Wednesday 28 May 2008

Journalists vs. Editorialists vs. Experts

RE: "Earlier discussion
Jane Taber took questions on the Bernier resignation
May 27, 2008 at 7:51 AM EDT"

I have a question for this newspaper. Since when did a journalist become an authority on subjects? They are biased and report and create editorials based on the newspaper's political viewpoint and biases.

I know that Jane Taber, for example, has had great opportunities to cover politics and is often on CBO on a panel, but when did we begin to see journalists as experts?
It is one thing to write about a subject, to report on it and to be interviewed, but quite another thing to be seen to be an expert and to be able to answer questions from on-line readers.

I am concerned that the media has moved from reporting to interpreting (which is based on their experience, knowledge and research) to now giving their opinions as truth. I am not being disrespectful of highly regarded journalists, but simply questioning the purpose in this. Sometimes, the viewers/internet users have more knowledge and experience than the journalists, but not often. On the other end of the spectrum what is the reason for the 'man-in-the-street' polls and interviews? We take as gospel truth the opinions of those casually approached in TV Media, the Globe publishes polls with viewer responses. This violates all aspects of good research validity and reliability. I continue to be amazed that media devotes pixels, ink and air time to these pieces.

I would prefer that the Media deliver the news.

Monday 26 May 2008

May's Ferocious Flying Visitors

May you be a half hour outdoors before the bugs know you are there!

The past month has been great for the black flies and mosquitoes. The black flies love the cooler temperatures and have been thriving. Mosquitoes turned up in April but didn't really go after us until May. Our daytime temps have fluctuated between 3 degrees in the early morning, to 10 degrees during the day. Last weekend it warmed up some, and cleared up by the time the tourists had to go home. This is bad for business! So many residents rely on the tourist industry for their livelihood.

The cat sits on the deck and eats a bug a minute. A bug a minute eats me and my husband. We have to keep moving and stay in the sun. The mosquitoes are pesky, and come out in the warmer weather. The black flies go away if I work in the sun shine, then come back the moment a wispy cloud comes between me and the warmth of the day. Last night the cats were pleased with the warm evening and took off. By 1:00 a.m. I was worried about our kitten and went outdoors to find him. There were no black flies, but a few mosquitoes bzzzzing around. I kept moving and calling and made it in the house without being taken away by these wicked little beasts. I have to put salve on the black fly bites, though. Big chunks of flesh torn out and a large lump remaining. They get in behind eye glasses and if your hands are dirty you risk much. One of them bit a chunk out of me just beyond the outside corner of my eye. I look bruised, my eye is swollen and have to assure all that I am OK.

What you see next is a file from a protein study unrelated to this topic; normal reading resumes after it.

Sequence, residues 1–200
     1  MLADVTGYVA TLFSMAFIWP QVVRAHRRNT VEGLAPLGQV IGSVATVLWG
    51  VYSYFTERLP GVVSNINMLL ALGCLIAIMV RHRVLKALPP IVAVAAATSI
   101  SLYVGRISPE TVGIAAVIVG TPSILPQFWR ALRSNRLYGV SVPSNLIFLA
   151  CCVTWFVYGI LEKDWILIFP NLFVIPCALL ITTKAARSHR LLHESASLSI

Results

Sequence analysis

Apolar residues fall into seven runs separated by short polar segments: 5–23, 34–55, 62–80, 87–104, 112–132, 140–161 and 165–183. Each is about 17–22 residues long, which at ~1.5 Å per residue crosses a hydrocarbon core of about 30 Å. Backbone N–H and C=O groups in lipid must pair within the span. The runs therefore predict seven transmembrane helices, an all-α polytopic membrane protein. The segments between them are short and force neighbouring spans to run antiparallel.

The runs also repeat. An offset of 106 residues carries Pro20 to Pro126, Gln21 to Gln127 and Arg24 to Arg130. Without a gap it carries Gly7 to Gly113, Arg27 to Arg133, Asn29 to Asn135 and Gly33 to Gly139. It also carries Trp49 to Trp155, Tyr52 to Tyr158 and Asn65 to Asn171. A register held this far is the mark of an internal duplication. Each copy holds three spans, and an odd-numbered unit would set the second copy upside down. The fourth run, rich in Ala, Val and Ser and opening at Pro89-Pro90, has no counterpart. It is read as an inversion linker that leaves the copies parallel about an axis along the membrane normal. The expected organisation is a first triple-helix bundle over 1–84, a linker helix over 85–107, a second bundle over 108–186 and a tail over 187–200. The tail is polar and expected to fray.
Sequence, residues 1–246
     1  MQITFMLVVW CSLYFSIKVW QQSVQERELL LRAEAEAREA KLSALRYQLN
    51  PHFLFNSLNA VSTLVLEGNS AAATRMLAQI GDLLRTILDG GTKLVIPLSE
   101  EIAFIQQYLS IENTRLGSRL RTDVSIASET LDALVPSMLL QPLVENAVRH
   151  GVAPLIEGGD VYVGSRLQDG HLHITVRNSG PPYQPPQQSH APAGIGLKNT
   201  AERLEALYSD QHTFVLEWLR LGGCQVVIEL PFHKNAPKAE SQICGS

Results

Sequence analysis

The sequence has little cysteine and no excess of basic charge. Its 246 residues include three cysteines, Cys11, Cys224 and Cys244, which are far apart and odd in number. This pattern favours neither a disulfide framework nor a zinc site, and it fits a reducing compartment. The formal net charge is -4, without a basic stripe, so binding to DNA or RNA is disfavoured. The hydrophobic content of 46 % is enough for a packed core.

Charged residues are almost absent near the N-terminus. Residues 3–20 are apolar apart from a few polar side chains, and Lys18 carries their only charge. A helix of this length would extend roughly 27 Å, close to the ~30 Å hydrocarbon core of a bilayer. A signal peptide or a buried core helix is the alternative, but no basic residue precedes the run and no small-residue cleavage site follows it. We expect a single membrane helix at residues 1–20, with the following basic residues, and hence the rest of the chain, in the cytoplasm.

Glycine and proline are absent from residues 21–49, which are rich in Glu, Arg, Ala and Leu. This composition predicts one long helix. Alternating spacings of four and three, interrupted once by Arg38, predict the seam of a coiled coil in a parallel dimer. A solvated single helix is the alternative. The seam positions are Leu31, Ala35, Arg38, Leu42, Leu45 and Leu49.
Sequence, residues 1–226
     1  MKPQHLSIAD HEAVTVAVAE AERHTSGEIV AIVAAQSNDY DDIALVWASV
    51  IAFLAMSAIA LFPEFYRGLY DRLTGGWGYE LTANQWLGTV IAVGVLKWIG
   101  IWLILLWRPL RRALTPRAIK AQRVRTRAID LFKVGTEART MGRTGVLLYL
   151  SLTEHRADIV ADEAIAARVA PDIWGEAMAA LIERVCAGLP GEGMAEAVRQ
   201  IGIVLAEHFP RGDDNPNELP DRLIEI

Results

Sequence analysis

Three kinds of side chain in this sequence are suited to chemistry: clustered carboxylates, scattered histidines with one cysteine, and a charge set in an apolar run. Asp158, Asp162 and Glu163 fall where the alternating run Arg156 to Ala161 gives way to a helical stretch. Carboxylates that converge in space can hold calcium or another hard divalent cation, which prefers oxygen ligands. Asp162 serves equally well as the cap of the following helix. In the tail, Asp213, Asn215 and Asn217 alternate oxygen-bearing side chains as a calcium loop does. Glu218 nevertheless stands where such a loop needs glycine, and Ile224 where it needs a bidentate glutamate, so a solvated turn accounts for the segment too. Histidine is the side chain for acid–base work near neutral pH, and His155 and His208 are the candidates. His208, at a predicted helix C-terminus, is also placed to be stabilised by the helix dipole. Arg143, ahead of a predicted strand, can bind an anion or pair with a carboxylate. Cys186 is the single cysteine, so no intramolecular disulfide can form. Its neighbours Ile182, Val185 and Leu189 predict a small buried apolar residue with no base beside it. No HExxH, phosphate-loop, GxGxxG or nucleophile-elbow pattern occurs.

There are those who say we only have three seasons in central Ontario: construction, bugs and snow. In the past few days we have felt 20 degrees celsius, and a welcome break from the coolness of the previous days. It helps of you refrain from perfumes, hair products, and other body lotions. Staying in the sun helps, if you cannot abide long sleeves, pants and hats. I still find that Skin-So-Soft works well on a normal day. This isn't normal, though. They swarm the moment you leave the sanctuary of the house. Starving, voracious little breeders, they need blood to survive. (Think of the mother bear defending her cubs!)

I know that the warmth and eventual heat of June and July will kill of the merciless little beasts who like to take a chunk out of skin. The mosquitoes circles around, often indoors, and drive the sleep deprived nuts as they try to kill the last bug keeping them awake. Next it will be the ants that come in for a break. I can't wait.